LIAN DE LA CRUZ - CECILE
Lian has been in love with stories for as long as she can remember. She's also Puertorican.
Have you ever had to face someone you loved and had to tell them something you knew would shatter their hearts into a million small pieces? At the very end, I never expected to feel this way. It is true that I've been mentally preparing myself for months now, ticking items off the list one by one, and yet I thought I'd be ready. I am not.
As I made my way down the dreary hallway, my steps grew heavier. The weight of death loomed over me like an eclipse shadowing everything that could've been, everything I should've been but will not. The hallway isn't very long and yet I find no matter how many steps I take, I don't get any closer to her door. A younger version of myself walks past me with her dad in tow. He's lugging an armful of presents with a smile on his face. Christmas is meant for happiness, for family, for giving. Not this time however. I've already taken everything from her. The only thing she has left is hope and that's what I'm here for tonight. I will be the death of her.
I never intended to do so. I had never been able to appreciate everything she had done for me. After my parents passed away, grief consumed me. I just wanted to get away. But she'd have none of it. All those evenings when I'd come home bruised and bloodied, she'd patch me up and feed me. She never asked me any question. Not who or what or why or how. When I came through that door and she'd see me, she would grab the first aid kit and tell me dinner was in the oven. Maybe it was pity, or maybe she was kind like that but when I finally did disappear I essentially spat all that right back in her face. She truly deserved none of it.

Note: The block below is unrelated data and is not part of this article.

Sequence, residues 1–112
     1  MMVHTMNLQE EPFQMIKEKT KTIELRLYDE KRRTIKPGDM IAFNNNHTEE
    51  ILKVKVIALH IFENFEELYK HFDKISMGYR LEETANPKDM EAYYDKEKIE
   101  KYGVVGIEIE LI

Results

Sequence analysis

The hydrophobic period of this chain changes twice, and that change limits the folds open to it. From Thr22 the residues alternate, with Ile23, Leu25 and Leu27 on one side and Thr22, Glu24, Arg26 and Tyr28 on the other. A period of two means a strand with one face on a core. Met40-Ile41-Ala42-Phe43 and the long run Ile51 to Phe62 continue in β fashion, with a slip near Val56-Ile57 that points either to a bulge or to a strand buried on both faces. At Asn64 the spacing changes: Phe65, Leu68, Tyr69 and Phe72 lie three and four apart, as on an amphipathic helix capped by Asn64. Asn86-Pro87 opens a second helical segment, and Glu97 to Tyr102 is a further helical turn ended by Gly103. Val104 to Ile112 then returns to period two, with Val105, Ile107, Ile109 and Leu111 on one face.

And now, 10 years later, with nothing to my name except stage 4 terminal cancer, I am making my way up to her door with a box of chocolate truffles -her favorite- to tell her that I'm dying. After everything I've been through, I imagined I've become fairly acquainted with grief. Yet I try to imagine how she'll react. Maybe she'll open the door and not ask questions. She'll give me some food and smile at me. But no. Too much time has passed and too much has happened. She'll cry. It seems the only logical response. I'd never seen her cry however. And here I was to make that happen for her.
Finally reaching the door, I raise my free hand and knock three times. "Aunt Cecile?" There was silence from the other side of the door. I knock again. "Cecile, it's me, Maddie." Nothing. I sigh, picturing her inside the apartment with her eyes wide in surprise, maybe unable to believe that it's really me. "It really is me, auntie." I feel the knot on my throat and my eyes burn with unshed tears. "I am so, so sorry... about everything." Still no response. I carried on. "I'm sorry I never appreciated everything you did for me. I'm sorry I wasn't good for you. I'm sorry I disappeared. I'm sorry I never called. I'm sorry for the ten years of silence. You deserved so much more and I am so sorry, aunt Cecile..." I clenched my fist and wiped the tears and snot from my face. "Please, open the door..."
After a pause, I heard bolts and latches click undone. My heart quickened as I came one lock closer to her. I took a deep breath, took off my wig, and placed the bag of chocolate on the floor, ready to be in her arms. The doorknob twisted as the door pulled inwards. "Aunt Cecile!"
I felt the air escape my lungs as if my radioactive body was no longer a pleasant place to be in. I fell to my knees, crumbling like a weak tree in the storm, and rested my head on her lap. I cried. I cried molten lava on my icy skin.
The beautiful, elderly black woman in a wheelchair sat before me. Her hair was in a bonnet and the soft pink crocheted shawl she held was wrapped tightly over her nightgown. Her sad eyes regarded me with the intensity I had been feeling since I stepped out of the hallway.
Have you ever had to face someone you loved only to have your heart shattered into a million small pieces?
"I'm sorry, child," her liquid copper voice said.
She was not aunt Cecile.
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